Without a Skywalker in sight, we were tasked with taking down a new (or should that be old?) threat by the name of Darth Malak, a powerful Sith hell-bent on the destruction of the Republic. Our part of the story found us waking up abruptly in a spaceship taking fire, and straight away everything was thrown into chaos all around while at the same time we had to learn the ropes. It's a classic RPG and that means upgrades and inventory management, and much like our memory, our abilities and gear improved over time. Our amnesia followed us around like a weight throughout the adventure, but we also experienced this world through a faithful troop of followers who hung around the ship and joined us on our various quests (this being Star Wars, there's obviously no shagging).
Our motley crew included a couple of franchise-favourite species (such as a Twi'lek called Mission Vao and Wookiee by the name of Zaalbar), a couple of droids (the utility droid T3-M4 is all well and good, but assassin droid HK-47 is the one that everyone remembers), as well as pilot called Carth, the mercenary Canderous, and our Jedi buddy Bastila. Together we adventured through sandbox-like maps full of interlinking pathways, battling our enemies via a pausable combat system where we could assign our attacks tactically. The system was evolved further in Mass Effect, but it already worked well in KOTOR, especially when you had a couple of Jedi swinging their lightsabers around while your ranged character did their thing at distance.
The adventure itself is deeply immersive and hugely engaging, and we remember spending hours and hours exploring these distant planets across multiple play-throughs. While it was a great RPG in its own right, the Star Wars theme made everything effortlessly accessible to a huge number of players. It had the depth and detail to sustain extended play, yet it was also Star Wars through and through and full of memorable moments. That said, there was one moment above all that has stuck with us, one moment that made such a huge impact the very first time we experienced it that we still remember it almost 17 years later.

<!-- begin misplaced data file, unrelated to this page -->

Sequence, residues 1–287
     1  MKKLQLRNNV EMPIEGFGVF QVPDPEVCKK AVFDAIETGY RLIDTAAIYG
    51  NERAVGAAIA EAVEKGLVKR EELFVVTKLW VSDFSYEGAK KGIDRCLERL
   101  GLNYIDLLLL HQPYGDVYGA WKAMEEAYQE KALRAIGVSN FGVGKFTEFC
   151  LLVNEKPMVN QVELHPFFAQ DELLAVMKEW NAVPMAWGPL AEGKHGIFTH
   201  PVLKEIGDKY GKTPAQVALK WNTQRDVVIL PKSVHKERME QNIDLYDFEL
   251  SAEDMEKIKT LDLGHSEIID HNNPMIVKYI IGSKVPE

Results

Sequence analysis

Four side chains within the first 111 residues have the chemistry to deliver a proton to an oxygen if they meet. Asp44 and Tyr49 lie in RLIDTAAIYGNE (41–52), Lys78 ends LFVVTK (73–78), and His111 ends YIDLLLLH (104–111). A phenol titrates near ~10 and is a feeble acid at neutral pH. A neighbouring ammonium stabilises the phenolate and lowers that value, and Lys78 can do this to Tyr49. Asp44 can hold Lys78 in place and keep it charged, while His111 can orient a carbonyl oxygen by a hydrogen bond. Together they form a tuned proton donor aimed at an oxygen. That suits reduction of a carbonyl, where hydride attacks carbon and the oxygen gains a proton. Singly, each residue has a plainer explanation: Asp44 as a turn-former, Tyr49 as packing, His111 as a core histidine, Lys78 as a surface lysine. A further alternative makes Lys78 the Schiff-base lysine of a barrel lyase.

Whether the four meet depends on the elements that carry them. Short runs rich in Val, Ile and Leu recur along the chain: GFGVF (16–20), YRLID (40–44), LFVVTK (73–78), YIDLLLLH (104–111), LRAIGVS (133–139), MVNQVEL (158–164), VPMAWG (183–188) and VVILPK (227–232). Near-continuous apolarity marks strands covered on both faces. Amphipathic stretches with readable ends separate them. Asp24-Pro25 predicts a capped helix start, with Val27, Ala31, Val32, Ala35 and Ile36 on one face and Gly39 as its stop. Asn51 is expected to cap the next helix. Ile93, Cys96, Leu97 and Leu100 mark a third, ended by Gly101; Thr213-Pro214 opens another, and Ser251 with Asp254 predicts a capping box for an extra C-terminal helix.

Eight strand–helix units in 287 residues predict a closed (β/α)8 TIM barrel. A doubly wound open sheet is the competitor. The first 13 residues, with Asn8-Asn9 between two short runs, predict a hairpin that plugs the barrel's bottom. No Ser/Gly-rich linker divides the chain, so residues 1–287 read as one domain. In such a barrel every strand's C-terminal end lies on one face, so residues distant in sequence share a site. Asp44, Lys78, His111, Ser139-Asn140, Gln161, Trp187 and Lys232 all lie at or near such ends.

And we should have seen it coming, especially when you look back and see the trail of clues that were left for us if only we'd seen them for what they were. Pulling a trick that Shadow of the Colossus would also try a couple of years later, our understanding of our place in the world tipped on its head. The twist was the revelation that we were, in fact, a former Sith Lord, who, memory clouded, had been reinducted into the Jedi Order and sent after their old partner in crime. If you hadn't already done the math, it was a revelatory penny-drop that served only to reinforce the excellence of the adventure that had come before it.
Star Wars: Knights of the Old Republic would go on to fundamentally shape Mass Effect, with BioWare taking everything that it had learned and turning that knowledge into an entirely new trilogy that stands alongside KOTOR at the pinnacle of the sci-fi RPG genre. It's also the best Star Wars game ever made - bar none - and when you look back at the wealth of titles based on the franchise that have appeared since and considering the fact that it's almost old enough to buy you a pint down the pub (depending on where you live, of course) that's really saying something.